setting up appointment after appointment with major corporations. But it was Baer who had to sell the idea, based on his demonstrations with Harrison. While Baer was an erudite speaker, he didn’t have
a salesman’s swagger. In one early meeting, a buyer from Sears felt their numerous retail stores would be mobbed by kids who wanted to play the system in the store, but wouldn’t buy it. The Sears buyer felt
that the stores would be forced into the role of babysitter for hordes of screaming brats. Baer sorely needed a Madison Avenue marketer to help him from that point on. But there was no budget for a show-
person who would come to meetings armed with talking points and glittering generalities.
The meetings with RCA were typical of the constant challenges and failures that Baer faced time and time again. In April 1969, RCA began serious negotiations to license the Brown Box. But these fell apart when the megacorporation began playing dirty pool. After months of waiting, the contract finally arrived.
“It’s no good,” said Etlinger.
“What do you mean?” asked Baer.
“It leaves Sanders with next to nothing.”
“That’s it, then?” asked Baer.
“That’s it,” responded Etlinger.
When Bill Enders, one of the RCA executives who was earnestly gung- ho about the Brown Box, became the vice president of marketing at Magnavox, he engaged in extensive, detailed talks with Sanders through Baer and Etlinger. By mid- July, the two (along with Bill Harrison) were jetting to Magnavox’s corporate headquarters in Fort Wayne, Indiana, for the most significant demonstration of Baer’s life.
As showtime approached, the weather didn’t cooperate. The Midwest had been besieged by rainstorms since Independence Day, and the area around Fort Wayne had seen water rise to emergency proportions. The city of 178,000 was situated in a floodplain, and loyal residents had to take the good with the bad. Baer wondered if the high waters amounted to a bad sign. As he drove, he thought he was traveling in some surreal, Night of the Hunter–like land of religion. He saw revival tents everywhere. He wondered to himself, “If Magnavox’s engineers are this religious, can they make a good product?”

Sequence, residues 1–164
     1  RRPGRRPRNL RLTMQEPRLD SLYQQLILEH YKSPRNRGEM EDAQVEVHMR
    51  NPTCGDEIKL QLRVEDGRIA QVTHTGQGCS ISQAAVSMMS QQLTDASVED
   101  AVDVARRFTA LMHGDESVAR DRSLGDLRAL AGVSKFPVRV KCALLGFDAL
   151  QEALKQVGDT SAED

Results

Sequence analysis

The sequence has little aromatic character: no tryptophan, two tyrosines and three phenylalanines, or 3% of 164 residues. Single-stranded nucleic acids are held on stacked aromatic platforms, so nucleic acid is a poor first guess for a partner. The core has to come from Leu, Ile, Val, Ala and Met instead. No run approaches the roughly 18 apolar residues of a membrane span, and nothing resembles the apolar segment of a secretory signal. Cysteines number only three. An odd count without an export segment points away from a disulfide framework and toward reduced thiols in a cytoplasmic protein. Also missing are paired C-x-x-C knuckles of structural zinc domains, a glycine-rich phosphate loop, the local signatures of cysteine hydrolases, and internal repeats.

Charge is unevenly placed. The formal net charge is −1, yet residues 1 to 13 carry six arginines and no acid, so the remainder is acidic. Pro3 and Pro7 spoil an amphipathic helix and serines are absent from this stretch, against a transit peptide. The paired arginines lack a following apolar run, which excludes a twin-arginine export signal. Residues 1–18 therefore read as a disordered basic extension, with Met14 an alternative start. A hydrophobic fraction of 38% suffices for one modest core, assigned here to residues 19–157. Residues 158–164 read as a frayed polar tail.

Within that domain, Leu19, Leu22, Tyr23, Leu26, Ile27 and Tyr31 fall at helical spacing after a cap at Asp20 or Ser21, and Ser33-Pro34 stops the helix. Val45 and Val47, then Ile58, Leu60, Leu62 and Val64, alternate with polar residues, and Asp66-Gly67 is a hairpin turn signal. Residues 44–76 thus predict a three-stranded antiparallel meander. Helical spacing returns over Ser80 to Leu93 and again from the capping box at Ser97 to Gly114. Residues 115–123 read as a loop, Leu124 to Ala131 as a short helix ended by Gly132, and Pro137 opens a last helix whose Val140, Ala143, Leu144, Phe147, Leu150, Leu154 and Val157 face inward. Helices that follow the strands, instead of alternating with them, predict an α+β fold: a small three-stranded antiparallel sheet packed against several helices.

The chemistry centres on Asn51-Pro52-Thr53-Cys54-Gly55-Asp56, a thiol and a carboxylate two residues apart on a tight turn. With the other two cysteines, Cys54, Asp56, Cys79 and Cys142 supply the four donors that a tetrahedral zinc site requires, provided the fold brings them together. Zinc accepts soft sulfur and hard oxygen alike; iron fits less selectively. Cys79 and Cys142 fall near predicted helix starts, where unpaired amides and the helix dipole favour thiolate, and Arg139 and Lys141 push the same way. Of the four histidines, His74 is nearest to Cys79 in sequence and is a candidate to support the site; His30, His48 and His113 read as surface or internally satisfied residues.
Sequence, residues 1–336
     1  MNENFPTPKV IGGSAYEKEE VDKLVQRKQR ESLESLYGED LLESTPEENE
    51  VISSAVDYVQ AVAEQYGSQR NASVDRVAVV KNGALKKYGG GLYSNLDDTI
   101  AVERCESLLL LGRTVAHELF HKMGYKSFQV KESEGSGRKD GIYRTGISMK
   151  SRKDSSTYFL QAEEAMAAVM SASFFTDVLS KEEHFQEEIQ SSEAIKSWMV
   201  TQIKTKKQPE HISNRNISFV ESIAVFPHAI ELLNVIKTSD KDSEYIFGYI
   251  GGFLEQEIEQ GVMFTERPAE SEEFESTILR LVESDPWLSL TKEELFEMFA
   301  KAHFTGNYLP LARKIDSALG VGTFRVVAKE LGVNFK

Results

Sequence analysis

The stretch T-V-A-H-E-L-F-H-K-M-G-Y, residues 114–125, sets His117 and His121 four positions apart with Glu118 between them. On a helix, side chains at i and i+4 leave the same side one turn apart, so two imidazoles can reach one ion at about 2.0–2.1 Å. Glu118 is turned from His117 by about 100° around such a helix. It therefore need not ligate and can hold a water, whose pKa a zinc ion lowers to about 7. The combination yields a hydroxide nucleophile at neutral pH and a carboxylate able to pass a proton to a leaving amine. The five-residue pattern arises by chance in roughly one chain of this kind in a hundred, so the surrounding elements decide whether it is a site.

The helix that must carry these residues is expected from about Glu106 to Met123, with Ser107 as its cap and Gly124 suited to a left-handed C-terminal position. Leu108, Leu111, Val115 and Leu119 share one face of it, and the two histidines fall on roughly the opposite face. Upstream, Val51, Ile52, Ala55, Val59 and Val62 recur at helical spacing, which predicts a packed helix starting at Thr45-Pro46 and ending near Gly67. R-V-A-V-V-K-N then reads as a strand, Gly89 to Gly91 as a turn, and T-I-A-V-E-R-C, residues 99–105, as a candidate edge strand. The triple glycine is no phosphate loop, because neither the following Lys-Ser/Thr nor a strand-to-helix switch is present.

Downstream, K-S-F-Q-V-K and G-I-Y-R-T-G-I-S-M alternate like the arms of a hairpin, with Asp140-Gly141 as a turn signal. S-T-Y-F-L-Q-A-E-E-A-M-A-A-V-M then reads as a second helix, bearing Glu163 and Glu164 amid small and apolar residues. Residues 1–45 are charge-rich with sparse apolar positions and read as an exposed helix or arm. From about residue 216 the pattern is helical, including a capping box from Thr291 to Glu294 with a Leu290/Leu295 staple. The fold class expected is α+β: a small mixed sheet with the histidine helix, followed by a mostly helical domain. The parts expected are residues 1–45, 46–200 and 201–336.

When he and Harrison set up the machine at the end of a highly polished oak table in a fancy conference room, they were nervous and on edge. Once the presentation began, Baer saw a room full of bored
executives who were probably more concerned about eating dinner and getting to the bar for a drink than with listening to a pitch about what they most likely considered to be a throwaway toy.
Yet there was one person who nodded his head, his eyes focused and bright. After Baer did his dog and pony show for about twenty minutes, showing each game and each peripheral, the executive actually seemed to be downright thrilled.
“We’re going to do this, and we’re going to commit a million dollars to it,” proclaimed Gerry Martin, Magnavox’s vice president and general manager for console product. The formerly sullen executives
nodded their heads and exchanged huzzahs like the finest yes- men money could buy.
The Sanders trio was flying high. But they didn’t celebrate. They had been dealt too many disappointments, so they held back until the contracts arrived. One night, Harrison and Baer were on the road and stopped into a greasy spoon diner. They had a thrifty meal, saved the receipts, and talked a lot about how great it was to be doing what they wanted to do. That was the extent of the celebration for the first videogame device ever made for consumers.
Excerpted from All Your Base Are Belong To Us: How Fifty Years of Video Games Conquered Pop Culture by Harold Goldberg. Copyright © 2011 by Harold Goldberg. Published in the United States by Three Rivers Press, an imprint of the Crown Publishing Group, a division of Random House, Inc.Purchase All Your Base - In the U.S.:* Amazon* BN.com* Borders